A hook scraper is used for finishing wood after it has been smoothed with a smoothing plane. It is a very useful tool for jobs such as easing the edge of a door or for easing a drawer which jams. Hook scrapers of the kind shown are fitted with removable blades that may be replaced when they become worn.
Essential in the basic toolkit. These range from very large ones with a blade length of 14 in. to tiny ones with blades of 2 in. The basic toolkit should include a large screwdriver, a medium-sized screwdriver, preferably of the ratchet type, and a small screwdriver which, as it may be used for electrical repairs, should be fitted with an insulated handle.
A set of firmer chisels should be included in the basic toolkit. The set should consist of three sizes (blade widths), 1 in., ½ in., and ¼ in. Additional sizes may be added at a later stage of progress.
Brace and Bits:
Basic toolkits can commence with a good quality brace with a small range of bits, which fit into an adjustable chuck of the brace. The choice of bits will largely depend upon the requirements of the user; a good basic set would be ¼-in., ½-in, ¾-in., and 1-½-in. twist bits, with intermediate small sizes of drill bits, an expansion bit and a countersink. A ratchet brace is an improvement on the ordinary brace.
The brace, together with its different kinds of bits, is intended mainly as a woodboring tool. It may be used for cutting holes in metal — with drill bits — but the use of a carpenter’s brace for metal work would be found slow and laborious. If much metal work is to be done the basic tool kit should include a drill with a geared wheel. A small hand-drill should be sufficient for light work; a breast-drill may be obtained for heavy work — both tools take the same kinds of drill bits, the breast-drill of course having a larger chuck capacity than the hand-drill. Although not essential for inclusion in the basic toolkit a drill has many uses in household jobs; a drill may be used for boring holes in metal or wood.
Try-square, Rule and Gauge:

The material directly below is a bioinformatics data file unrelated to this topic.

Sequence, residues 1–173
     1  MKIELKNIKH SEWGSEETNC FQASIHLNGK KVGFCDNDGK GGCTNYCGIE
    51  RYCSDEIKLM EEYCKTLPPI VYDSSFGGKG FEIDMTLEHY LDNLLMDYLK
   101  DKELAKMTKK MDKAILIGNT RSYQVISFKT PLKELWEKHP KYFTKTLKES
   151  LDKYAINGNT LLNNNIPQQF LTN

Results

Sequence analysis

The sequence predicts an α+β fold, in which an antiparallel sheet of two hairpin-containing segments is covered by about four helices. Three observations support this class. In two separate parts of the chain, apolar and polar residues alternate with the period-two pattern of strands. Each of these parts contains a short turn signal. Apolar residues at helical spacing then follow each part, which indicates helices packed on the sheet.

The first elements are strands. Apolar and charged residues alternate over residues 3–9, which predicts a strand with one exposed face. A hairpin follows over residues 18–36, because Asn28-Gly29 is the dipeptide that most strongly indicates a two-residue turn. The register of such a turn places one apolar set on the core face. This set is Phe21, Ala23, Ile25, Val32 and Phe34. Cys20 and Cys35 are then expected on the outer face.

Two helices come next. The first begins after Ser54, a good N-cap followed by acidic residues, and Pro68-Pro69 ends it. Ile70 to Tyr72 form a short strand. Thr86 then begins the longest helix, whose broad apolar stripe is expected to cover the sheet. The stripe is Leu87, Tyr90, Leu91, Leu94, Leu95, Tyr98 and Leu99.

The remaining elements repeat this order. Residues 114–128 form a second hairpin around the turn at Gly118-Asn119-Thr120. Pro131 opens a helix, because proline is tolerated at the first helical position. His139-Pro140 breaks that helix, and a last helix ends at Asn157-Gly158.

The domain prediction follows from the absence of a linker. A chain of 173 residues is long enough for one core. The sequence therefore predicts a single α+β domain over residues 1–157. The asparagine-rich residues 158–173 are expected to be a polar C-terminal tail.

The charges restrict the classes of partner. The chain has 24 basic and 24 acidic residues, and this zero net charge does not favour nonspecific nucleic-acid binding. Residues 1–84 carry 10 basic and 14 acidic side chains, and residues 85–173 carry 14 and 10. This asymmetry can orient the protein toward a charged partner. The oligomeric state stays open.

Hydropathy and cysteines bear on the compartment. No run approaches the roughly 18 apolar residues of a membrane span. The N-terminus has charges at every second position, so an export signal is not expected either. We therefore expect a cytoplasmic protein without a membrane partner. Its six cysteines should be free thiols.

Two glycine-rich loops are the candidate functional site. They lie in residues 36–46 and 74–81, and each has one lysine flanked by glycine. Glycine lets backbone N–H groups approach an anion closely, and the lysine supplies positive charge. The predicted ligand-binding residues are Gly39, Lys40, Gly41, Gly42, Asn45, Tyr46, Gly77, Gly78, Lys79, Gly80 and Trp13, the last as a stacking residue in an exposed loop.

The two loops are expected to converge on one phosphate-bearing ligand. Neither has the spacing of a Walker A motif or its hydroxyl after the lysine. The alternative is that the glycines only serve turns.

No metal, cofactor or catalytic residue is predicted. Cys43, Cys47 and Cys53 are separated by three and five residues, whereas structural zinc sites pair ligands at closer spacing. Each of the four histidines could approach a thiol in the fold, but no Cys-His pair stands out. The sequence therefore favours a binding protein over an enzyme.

These are tools used for marking and measuring. A try-square with 6-in. blade will be suitable for the basic set. The rule should be of the fourfold variety, 2 ft. or 3 ft. in length. The marking gauge shown should not be confused with cutting or mortise gauges which are dealt with in the section on Woodworking.
Miscellaneous Tools and Equipment:
The basic toolkit should include a wood rasp, which is used for shaping and finishing curves — one side of the rasp is rounded, the other side is flat — a bradawl, some ‘G’ cramps — two should be sufficient to commence with — and two sets of cramp heads. The cramp heads are attached to wooden battens with pins placed through holes drilled through the battens; they may easily be adjusted to cramp glued woodwork of various sizes. A nail-punch is required, also a steam-jacketed-pot although some manufacturers pack their products in jacketed tins which replace the conventional gluepot. A soldering iron is a good tool for the basic toolkit, although it need not be purchased until it is required. An electrically heated soldering iron is the easiest tool for the amateur to use; buy one with a fitment for interchangeable bits (heads) of different sizes. Two more essentials complete the toolkit; an oil-can and an oilstone for sharpening tools.
This tool section would not be complete without a mention of handyman kits based on electric drills. Although not an essential addition to the basic toolkit an electrical drill kit will do much to increase the range of jobs which can be tackled. These toolkits for drilling wood, plastic, brick, masonry and metal — with the appropriate bit of chuck capacity up to ¼ in. which is the diameter of the largest bit the drill will take — may be used as a hand-drill, or mounted as a bench-drill with a set of fittings purchased additionally to the drill unit. There are other sets of fittings which may be purchased separately to convert the drill unit for buffing, sanding, grinding, and polishing, also for use as a small lathe for light woodwork, a bench circular saw for cutting timber up to 1 in. thickness, for fretwork, and for machine planing.